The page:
Last week we had the arrival of a young aracari who we have named Churi. Churi is absolutely beautiful, and very tame. His first day here we noticed that he was having some difficulty eating, so we now cut his food into quite small pieces and spend some time hand feeding him during the tours. He LOVES papaya, and if it were up to him he wouldn’t have anything else! Unfortunately he was brought from the north of Peru, so he cannot be released in this area, so we are still trying to work out what is his best option.
One of the volunteers saved one of the parakeets who had been captured by one of the outside capuchin monkeys (Mica). Luckily he wasn’t hurt, but is now kept in a small cage next to the aviary for observation, so thanks to our volunteers again for their prompt action.
And our last arrivals were two tortoises and five six-tubercled river turtles. The tortoises are currently being kept in the Sepa cage. One has a hole in his shell which was most likely drilled in so that he could be tied up and kept as a pet. It is unfortunate that there is a common misconception about the nerves of tortoises, and it is assumed that damage to the shell does not hurt or affect them. This is not true! A tortoise would die if his shell cracked, and they can feel pain when it is damaged. The five small turtles are in a small enclosure with a large pond, which they swim in all day.
Nasca is still doing well in the reptile cage, although it is a large cage and tortoises are surprisingly good at hiding! We have found her recently though, and it seems being away from Pepito is good for her.
The clinic is continuing to do well, still on schedule to be operational by April! We have a large group of volunteers at the moment, a few of them in particular who are very handy and interested in construction work, so it has been great to have their help to get a couple of projects going simultaneously.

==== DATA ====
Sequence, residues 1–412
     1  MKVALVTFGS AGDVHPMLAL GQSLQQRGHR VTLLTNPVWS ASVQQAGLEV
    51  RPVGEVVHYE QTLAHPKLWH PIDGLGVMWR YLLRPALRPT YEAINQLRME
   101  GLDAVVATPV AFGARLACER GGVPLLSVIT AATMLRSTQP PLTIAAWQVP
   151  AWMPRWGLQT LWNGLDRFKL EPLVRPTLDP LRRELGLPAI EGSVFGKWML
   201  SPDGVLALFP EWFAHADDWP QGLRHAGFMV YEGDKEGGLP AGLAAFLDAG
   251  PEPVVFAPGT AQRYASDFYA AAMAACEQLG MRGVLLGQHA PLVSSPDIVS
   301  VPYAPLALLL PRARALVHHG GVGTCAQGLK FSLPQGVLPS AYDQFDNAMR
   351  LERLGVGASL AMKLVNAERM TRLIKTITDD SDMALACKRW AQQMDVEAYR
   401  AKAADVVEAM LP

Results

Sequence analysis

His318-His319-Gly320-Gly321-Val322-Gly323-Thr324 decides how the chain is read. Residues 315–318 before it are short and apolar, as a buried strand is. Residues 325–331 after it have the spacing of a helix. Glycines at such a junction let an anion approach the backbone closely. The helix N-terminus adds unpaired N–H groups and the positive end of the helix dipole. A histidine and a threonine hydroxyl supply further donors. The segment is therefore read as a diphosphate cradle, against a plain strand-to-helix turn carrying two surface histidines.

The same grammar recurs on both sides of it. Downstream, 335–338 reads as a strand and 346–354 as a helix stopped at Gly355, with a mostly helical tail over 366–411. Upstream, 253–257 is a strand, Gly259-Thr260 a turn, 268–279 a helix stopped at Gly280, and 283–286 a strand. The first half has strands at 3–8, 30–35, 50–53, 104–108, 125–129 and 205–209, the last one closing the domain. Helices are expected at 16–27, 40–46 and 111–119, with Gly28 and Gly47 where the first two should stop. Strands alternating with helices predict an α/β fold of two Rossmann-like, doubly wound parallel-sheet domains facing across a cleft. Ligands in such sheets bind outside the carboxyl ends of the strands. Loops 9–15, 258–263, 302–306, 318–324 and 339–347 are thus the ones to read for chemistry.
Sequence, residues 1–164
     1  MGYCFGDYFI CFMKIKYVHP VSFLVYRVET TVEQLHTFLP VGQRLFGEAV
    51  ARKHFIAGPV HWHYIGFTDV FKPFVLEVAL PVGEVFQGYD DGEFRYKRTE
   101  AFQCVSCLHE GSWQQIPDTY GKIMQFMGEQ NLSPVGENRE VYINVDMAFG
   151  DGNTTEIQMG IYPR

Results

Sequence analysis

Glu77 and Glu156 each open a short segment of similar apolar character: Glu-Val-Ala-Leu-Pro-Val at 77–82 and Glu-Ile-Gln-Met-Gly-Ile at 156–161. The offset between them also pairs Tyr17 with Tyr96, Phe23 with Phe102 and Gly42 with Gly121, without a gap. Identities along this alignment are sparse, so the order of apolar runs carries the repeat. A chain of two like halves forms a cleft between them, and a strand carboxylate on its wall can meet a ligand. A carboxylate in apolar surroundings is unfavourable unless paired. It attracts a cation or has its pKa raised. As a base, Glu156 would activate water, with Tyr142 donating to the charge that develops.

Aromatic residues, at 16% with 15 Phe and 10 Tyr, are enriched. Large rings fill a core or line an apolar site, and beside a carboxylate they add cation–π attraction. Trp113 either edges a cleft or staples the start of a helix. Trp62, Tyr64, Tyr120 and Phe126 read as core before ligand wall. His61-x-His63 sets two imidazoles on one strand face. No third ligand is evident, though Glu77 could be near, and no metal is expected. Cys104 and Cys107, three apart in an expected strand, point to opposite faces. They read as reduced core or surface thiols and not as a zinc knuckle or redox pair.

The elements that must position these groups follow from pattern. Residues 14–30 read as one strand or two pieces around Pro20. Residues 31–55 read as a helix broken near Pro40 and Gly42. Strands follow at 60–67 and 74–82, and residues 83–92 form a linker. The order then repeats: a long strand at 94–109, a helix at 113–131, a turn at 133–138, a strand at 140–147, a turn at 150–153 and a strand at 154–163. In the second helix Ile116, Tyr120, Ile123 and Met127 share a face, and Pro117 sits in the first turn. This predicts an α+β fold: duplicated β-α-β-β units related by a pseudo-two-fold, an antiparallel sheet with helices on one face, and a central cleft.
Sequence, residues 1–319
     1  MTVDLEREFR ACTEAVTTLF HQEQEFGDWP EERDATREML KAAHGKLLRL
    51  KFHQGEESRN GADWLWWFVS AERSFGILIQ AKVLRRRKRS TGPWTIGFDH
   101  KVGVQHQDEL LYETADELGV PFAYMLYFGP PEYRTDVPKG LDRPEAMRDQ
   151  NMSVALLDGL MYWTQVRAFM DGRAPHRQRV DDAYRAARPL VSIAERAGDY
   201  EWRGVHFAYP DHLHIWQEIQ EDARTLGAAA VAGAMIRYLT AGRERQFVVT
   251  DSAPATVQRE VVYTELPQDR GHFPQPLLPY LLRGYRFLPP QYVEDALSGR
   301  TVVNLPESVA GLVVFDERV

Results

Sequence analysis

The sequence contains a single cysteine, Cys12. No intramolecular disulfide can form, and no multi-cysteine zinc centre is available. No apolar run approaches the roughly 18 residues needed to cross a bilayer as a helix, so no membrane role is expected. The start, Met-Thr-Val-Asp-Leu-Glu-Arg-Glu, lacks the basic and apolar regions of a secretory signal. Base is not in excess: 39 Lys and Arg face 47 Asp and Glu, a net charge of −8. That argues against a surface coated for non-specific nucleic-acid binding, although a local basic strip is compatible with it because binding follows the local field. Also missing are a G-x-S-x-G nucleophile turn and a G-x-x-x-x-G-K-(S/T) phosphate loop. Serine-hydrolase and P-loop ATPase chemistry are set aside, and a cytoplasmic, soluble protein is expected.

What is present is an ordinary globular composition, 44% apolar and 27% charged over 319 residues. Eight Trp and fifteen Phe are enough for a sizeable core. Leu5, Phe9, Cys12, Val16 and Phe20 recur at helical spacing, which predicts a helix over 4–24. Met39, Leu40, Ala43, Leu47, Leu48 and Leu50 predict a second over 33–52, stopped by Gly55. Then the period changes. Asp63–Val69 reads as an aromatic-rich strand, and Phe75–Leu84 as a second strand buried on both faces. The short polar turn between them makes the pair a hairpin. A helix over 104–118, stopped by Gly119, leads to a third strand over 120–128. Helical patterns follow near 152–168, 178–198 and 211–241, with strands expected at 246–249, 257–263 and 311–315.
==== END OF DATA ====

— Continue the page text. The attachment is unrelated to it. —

We are currently building a new cage, suitable for parakeets or small mammals. Hopefully this cage will be done by the end of the week. We will start fencing the garden at the volunteer house, so there will be room for the baby deer, and maybe even the adult deer to roam around. And after this we will start with the preparations for the construction of a new enclosure for the spider monkey males.
As side projects Douwe and one of our volunteers Andrzej have removed some old cabinets and built in new shelving in the volunteer kitchen. This has created a lot more space in the living area, as well as more storage space for the food. Looks great guys, thankyou!
There are currently 12 volunteers so it’s just about a full house again! Thanks to a the Dutch programm Floortje Esperanza Verde has received a lot of attention and at times are completely booked. Hopefully soon we will be able to create more living space, so that we can take on more volunteers. Several of the volunteers this month arrived at the same time so there has been a lot of training happening, but everyone has a great attitude and is picking everything up really quickly, so we will be able to get a lot done over the next few weeks!
From the group of Swiss vets that recently spent two weeks with us, one stayed on for an extra two weeks as a volunteer. Rahel has been a great volunteer, not only participating in the tours and the care of the baby monkeys but she has continued to do parasite treatments for the animals, as well as checking blood and feces samples, so thank you!
The volunteers also offered to babysit the kids Kayla and Marlon for a day and a night as well as the nightmonkey, to give Olivia and Douwe a well deserved night to themselves.
Thank you to all of our volunteers for their help, and a big thank you to all of our supporters.